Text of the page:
Coping with sexual assault


Courtesy of Airman 1st Class Denise Nevins

WE’RE SURVIVORS: Sexual assault is a growing problem in our society that affects thousands of men and women everyday, and it needs to be stopped.

In 2015, statistics showed 1.6 out of every 1,000 people were sexually assaulted. In 2015, there were nearly 320 million people in the United States. This means that nearly 200,000 people were sexually assaulted in 2015 alone.

It’s easy to find statistics such as these, but how many people are still affected by this? How many people believe it’s their fault they were assaulted? Where are those statistics?

In 2017, I found the answers for myself. On Aug. 14, 2017, I was raped. As it happens, that day was my 15th birthday.

I was told it was my fault I was raped because I was wearing a crop top and shorts. I believed it was my fault for months. I was dressed a certain way, so it was my fault, right?

I figured out that wearing certain clothes doesn’t tell people that you want to have sex. When you go to a beach, you don’t see everybody getting raped, right?

Still, I was told I was a “call-girl” because I was barely 15 and I needed an STD test. I was also told I was lying and looking for attention, so I stopped telling my friends. I hadn’t even told my mom.

The rumor going around the school he was attending was that I wanted him and when he said he didn’t want me, I became the girl who called rape. He’s relatively popular at that school, so why would anyone think differently? One of my best friends, who also goes to that school, heard the rumors and abandoned me shortly after calling me a “sad whore.”

She had feelings for a rapist and believed his word over mine.

Some people may be afraid to speak up about an instance such as sexual assault due to reasons like this, but that’s why it’s important to go to a professional. It’s currently over a year later and I have severe anxiety, but I’m finally starting to heal.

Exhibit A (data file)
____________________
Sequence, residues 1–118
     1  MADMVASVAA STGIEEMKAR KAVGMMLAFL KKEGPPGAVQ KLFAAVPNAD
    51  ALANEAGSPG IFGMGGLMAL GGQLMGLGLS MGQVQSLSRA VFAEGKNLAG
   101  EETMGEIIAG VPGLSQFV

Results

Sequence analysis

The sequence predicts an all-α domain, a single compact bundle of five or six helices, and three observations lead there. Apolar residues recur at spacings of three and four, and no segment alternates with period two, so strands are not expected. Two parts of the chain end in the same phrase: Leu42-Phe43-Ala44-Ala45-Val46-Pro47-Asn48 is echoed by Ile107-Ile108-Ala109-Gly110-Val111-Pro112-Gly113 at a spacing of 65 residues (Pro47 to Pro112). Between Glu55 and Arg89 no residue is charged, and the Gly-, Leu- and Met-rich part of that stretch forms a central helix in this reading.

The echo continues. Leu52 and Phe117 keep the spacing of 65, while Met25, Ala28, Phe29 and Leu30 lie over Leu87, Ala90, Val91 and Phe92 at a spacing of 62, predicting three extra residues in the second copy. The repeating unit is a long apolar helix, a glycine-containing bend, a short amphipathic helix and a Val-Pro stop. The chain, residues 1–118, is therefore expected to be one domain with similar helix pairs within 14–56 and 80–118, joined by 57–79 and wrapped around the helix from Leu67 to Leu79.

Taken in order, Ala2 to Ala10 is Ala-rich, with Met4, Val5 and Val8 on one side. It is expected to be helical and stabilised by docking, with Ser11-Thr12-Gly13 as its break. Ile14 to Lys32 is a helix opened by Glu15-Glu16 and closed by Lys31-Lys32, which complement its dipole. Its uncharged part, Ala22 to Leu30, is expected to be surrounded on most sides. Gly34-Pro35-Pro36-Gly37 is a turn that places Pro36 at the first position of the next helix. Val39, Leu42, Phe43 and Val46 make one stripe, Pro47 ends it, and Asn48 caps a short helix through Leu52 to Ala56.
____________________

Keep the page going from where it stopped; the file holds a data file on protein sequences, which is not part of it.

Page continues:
A lot of people are left in the dark when it comes to how to cope with sexual assault and rape. I didn’t know how to get over this experience because I had no form of coping skills, other than dysfunctional ones. If something like this has happened to you, you can’t hold it all inside. Tell somebody that you trust what happened to you. Call the sexual assault hotline at (800) 656-4673.

You’re also going to need some coping skills to use if (and when) you start to get overwhelmed. Some that helped me are 478 breathing, mindful breathing, as well as lucid dreaming.

478 breathing is a technique where you inhale for four seconds, hold for seven seconds, and exhale for eight seconds. This technique is based on pranayama. Pranayama is an ancient Indian practice that refers to the regulation of breath.

A mindful breathing technique that I use includes a sticky note, a pen, and a minute of your time. On each side of the sticky note, write the numbers one through 4. On side one, inhale for three seconds. On side two, exhale for three seconds. On side three inhale for three seconds. On side four, exhale for three seconds. Repeat until you feel better.